Discusses all things Mac and Apple related.
Contact: Richard Corzo. Meets the second Monday of each month, 7:00
p.m. at the DACS Resource Center.
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News and Notes
By Richard Corzo
In April I talked about my recent project to replace the hard drive in my MacBook Pro with a solid-state drive (SSD). My objective was two-fold: to increase the storage capacity, since I had only 10 GB free space on my hard drive, and to gain a speed improvement from using the SSD, which uses flash storage and has no moving parts.
I found an SSD on the Crucial (http://www.crucial.com) website, which also sells RAM upgrades. They make it easy by allowing you to look up compatible drives based on the manufacturer and model of your computer. There is a visual step-by-step tutorial and suggested tools you might need. Here’s the guide I found for my MacBook Pro: http://guides.crucial.com/Guide/MacBook+Pro+15-Inch+Unibody+Late+2008+and+Early+2009+SSD+Installation/316. One tool I didn’t have was a Torx screwdriver. They had a link to purchase one from iFixit (http://ifixit.com), although it’s probably also possible to buy one from your local hardware store.
To get back up and running I installed OS X Mavericks, and restored my data and applications from a Time Machine backup. However I noticed that some drivers for older devices, like my Canon flatbed scanner, were not available. Since I still had a Mountain Lion installation on an external drive, I decided to backtrack by starting over with a fresh install of Mountain Lion on the SSD and transferring the settings (which included drivers) from the Mountain Lion installation on the external drive. Then I upgraded the Mountain Lion installation on my SSD to Mavericks, and finally transferred data and applications from my (Mavericks) Time Machine backup.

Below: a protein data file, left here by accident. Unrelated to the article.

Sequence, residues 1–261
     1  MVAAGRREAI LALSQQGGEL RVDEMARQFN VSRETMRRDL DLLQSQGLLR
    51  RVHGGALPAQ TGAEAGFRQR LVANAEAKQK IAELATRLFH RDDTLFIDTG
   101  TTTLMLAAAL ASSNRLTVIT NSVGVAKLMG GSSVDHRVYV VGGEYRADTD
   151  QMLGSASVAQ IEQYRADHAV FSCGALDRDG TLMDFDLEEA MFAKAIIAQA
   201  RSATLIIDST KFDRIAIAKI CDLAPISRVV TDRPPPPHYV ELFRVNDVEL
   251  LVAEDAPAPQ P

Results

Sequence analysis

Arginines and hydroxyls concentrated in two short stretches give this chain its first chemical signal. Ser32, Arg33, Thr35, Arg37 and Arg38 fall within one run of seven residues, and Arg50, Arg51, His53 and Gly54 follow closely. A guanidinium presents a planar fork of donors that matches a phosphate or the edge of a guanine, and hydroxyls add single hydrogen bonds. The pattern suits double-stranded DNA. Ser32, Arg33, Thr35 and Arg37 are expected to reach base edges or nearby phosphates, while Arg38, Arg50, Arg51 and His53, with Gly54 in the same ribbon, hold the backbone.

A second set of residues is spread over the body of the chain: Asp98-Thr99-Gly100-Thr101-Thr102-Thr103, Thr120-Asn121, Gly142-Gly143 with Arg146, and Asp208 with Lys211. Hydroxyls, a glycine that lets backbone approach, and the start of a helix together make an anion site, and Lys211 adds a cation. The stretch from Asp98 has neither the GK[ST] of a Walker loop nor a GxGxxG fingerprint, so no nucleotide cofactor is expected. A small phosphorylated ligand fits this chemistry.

After installing the SSD and restoring the software to run on it, I did notice an immediate increase in speed when booting the laptop and when starting heavy applications like Dreamweaver. A colleague at work had also led me to expect an increase in battery life, but it seemed like it had gotten a little worse. He suggested that the machine just needed to be recalibrated to the new drive, so we’ll see if just drawing down the battery and recharging it will take care of that. In any case the speed increase was well worth it.